An increase in current through a resistor does increase the voltage difference across the resistor, but whether the voltage goes up or down at a specific point depends on the situation. Consider the schematic I've shown of three resistors connected in series to a battery. Let's say R2 is your load (servo), R1 is the resistance of the wire that goes between your servo and the positive terminal of the power source, and R3 is the resistance from your servo to ground.
While the load R2 is drawing current, there is going to be a voltage across R1 and R3 due to ohm's law. That means the voltage across your load isn't quite as large as the voltage provided by the supply, because some of that voltage is presenting across R1 and R3 instead. The more current the load draws, the larger the voltage is across R1 and R3... this means a smaller voltage across your load. The problem is also made worse by increasing R1 and R3, for instance powering your servo through a long cable.
In addition to these "resistive losses", the power supply generally can't increase it's current immediately -- it takes it some time to react. This means if the current increases quickly, the battery can actually provide less voltage momentarily. Also, during this current spike the resistive losses from R1 and R3 will be even greater momentarily -- further reducing the voltage across your load. Therefore, the answer to your second question is, it can be both!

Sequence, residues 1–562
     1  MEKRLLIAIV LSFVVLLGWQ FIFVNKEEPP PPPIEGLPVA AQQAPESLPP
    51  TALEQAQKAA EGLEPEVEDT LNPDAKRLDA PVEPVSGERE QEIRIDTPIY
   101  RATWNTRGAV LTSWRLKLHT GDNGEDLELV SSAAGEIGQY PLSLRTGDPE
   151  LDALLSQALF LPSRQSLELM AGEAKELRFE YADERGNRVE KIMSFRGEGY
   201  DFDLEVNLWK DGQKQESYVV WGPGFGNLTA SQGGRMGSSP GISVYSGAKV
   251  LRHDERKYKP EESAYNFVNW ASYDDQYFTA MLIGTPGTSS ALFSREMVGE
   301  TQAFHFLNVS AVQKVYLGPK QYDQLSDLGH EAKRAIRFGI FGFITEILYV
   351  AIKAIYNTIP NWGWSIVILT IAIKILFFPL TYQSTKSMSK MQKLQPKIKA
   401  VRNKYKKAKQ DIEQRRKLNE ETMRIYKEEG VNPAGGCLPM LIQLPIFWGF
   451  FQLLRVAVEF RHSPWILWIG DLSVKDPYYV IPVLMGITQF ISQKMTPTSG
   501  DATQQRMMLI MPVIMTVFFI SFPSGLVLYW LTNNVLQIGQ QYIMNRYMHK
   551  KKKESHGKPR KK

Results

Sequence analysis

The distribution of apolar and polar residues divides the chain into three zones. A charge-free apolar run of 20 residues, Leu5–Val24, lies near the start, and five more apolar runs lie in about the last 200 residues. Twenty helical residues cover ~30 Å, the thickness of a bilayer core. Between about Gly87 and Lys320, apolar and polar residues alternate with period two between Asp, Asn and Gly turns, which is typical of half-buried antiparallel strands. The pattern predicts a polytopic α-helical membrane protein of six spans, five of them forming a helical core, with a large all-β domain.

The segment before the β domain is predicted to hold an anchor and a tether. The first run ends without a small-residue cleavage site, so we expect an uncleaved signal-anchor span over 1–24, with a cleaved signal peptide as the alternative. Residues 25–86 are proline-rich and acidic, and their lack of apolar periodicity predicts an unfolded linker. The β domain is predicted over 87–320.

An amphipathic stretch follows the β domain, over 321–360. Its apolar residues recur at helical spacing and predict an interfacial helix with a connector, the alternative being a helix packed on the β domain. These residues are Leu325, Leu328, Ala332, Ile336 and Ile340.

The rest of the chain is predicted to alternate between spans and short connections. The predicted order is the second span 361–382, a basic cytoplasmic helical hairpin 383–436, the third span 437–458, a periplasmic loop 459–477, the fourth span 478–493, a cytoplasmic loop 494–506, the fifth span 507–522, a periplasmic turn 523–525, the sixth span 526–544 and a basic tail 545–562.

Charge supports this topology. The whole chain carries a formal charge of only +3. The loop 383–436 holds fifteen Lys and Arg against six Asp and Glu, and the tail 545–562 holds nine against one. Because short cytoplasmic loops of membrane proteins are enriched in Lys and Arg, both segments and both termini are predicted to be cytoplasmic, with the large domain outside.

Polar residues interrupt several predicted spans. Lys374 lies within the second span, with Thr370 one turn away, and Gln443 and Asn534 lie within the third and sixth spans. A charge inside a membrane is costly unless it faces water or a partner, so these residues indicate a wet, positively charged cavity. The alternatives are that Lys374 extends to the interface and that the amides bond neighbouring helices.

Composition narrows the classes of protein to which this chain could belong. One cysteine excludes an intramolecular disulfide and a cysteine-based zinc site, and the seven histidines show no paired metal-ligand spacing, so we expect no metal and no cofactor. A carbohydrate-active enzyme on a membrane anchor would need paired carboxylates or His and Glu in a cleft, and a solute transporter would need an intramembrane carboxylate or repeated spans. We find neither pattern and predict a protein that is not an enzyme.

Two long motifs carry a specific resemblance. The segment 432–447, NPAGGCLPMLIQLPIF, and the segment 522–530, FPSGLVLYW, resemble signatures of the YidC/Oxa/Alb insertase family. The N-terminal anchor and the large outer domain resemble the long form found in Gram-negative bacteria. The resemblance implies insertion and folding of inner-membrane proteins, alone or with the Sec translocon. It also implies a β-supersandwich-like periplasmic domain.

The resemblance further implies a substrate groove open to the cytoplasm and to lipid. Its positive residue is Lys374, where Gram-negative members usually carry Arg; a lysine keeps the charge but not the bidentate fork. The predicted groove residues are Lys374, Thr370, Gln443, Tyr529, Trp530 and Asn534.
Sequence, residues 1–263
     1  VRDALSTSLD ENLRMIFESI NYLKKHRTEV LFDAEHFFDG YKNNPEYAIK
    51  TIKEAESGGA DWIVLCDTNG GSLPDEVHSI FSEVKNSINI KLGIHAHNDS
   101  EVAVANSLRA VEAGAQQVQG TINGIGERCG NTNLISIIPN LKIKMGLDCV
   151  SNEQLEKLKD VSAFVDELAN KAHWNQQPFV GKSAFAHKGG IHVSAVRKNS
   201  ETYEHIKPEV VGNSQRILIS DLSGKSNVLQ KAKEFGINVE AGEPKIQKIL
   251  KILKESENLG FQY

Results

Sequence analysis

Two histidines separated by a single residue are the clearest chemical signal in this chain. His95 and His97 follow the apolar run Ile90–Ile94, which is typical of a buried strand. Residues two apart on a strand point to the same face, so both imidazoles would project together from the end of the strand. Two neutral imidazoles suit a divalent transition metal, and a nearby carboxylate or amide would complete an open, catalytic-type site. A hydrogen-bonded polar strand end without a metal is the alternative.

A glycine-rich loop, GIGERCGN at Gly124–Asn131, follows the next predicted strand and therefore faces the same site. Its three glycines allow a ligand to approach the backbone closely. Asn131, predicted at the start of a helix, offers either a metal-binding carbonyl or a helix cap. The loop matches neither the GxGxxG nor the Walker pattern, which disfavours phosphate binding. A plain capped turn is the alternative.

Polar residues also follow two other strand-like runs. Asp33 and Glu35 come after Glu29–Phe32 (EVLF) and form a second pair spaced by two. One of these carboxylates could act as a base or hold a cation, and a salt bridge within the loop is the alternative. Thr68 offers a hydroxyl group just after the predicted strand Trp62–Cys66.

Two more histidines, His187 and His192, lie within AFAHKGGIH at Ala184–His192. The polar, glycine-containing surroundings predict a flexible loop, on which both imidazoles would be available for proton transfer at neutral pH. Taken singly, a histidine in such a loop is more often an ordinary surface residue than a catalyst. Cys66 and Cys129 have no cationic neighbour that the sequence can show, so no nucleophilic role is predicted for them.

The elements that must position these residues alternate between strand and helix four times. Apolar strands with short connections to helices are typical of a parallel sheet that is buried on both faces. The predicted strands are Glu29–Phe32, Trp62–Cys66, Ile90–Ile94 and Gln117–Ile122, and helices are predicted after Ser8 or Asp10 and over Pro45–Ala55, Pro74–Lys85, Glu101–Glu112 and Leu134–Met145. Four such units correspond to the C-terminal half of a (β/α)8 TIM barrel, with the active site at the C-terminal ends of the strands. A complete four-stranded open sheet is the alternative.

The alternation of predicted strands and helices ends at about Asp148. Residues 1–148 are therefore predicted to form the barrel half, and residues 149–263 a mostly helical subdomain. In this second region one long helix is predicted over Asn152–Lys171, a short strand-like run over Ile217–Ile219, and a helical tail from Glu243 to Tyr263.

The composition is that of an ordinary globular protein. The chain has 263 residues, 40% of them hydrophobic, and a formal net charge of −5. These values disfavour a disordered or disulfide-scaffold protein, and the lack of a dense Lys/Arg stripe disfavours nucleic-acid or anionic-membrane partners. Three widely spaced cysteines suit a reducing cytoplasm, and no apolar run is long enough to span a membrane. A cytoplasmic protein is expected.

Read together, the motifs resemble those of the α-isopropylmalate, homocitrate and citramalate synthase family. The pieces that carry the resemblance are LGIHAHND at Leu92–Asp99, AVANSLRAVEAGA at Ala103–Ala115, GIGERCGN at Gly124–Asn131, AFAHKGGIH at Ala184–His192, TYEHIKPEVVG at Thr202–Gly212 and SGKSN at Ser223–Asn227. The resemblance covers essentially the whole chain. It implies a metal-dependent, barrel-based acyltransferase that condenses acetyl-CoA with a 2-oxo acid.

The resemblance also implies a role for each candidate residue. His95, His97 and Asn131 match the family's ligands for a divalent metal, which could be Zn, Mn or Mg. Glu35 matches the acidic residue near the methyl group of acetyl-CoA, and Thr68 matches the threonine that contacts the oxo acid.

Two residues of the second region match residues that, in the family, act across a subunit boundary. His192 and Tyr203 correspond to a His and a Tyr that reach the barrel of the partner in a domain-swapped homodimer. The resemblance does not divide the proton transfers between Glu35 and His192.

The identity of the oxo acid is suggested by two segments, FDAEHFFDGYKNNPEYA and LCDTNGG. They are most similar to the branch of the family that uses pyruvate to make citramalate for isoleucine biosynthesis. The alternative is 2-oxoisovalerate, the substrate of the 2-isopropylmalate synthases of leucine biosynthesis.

The way to fix this is to add a capacitor between the positive terminal of R2 and ground (the negative terminal of the battery). This capacitor will store up charge during normal operation, and if there is a sudden increase in current across the load, this capacitor acts as sort of a "short-term secondary battery" that helps keep the voltage high at R2 until the battery catches up. Note that by keeping this capacitor as close as possible to R2, you can in a sense bypass the extra resistive losses of R1 and R3 that are due to the current spike.
In answer to your last question, a lot of circuits work fine if they are missing a bypass capacitor or two -- it can be hard to see the effects without a good oscilloscope. Just last week I noticed that a circuit board my company produces had been missing a bypass cap in the bill of materials for several years, without it's absence causing any problems! But these capacitors do help stabilize the voltage to various loads in a circuit, and many circuits would become very noisy or even stop working at all without the presence of their bypass capacitors.